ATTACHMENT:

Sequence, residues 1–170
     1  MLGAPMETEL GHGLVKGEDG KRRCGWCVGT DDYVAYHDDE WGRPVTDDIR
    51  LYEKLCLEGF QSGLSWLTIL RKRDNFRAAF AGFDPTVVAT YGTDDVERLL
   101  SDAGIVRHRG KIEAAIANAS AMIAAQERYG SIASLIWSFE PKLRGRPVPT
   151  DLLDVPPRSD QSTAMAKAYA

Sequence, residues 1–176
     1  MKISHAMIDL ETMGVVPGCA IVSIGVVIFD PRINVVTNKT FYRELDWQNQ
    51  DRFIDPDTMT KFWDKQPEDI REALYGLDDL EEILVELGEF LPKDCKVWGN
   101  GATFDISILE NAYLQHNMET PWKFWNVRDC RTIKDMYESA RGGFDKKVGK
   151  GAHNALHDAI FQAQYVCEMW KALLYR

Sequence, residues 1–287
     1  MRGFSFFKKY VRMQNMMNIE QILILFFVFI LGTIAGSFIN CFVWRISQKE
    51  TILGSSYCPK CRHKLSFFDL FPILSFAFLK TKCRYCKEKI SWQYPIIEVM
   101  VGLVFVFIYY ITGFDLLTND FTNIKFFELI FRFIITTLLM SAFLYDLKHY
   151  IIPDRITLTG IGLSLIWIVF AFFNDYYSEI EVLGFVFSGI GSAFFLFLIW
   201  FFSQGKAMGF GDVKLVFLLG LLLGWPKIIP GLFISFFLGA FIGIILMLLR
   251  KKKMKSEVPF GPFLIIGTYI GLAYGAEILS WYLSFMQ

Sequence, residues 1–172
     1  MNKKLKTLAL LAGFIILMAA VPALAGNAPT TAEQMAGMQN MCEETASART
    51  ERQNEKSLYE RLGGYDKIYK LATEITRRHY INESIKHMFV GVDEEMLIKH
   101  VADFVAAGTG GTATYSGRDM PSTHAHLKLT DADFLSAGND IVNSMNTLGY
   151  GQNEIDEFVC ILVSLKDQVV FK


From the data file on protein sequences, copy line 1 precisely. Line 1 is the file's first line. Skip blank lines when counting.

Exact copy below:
Sequence, residues 1–170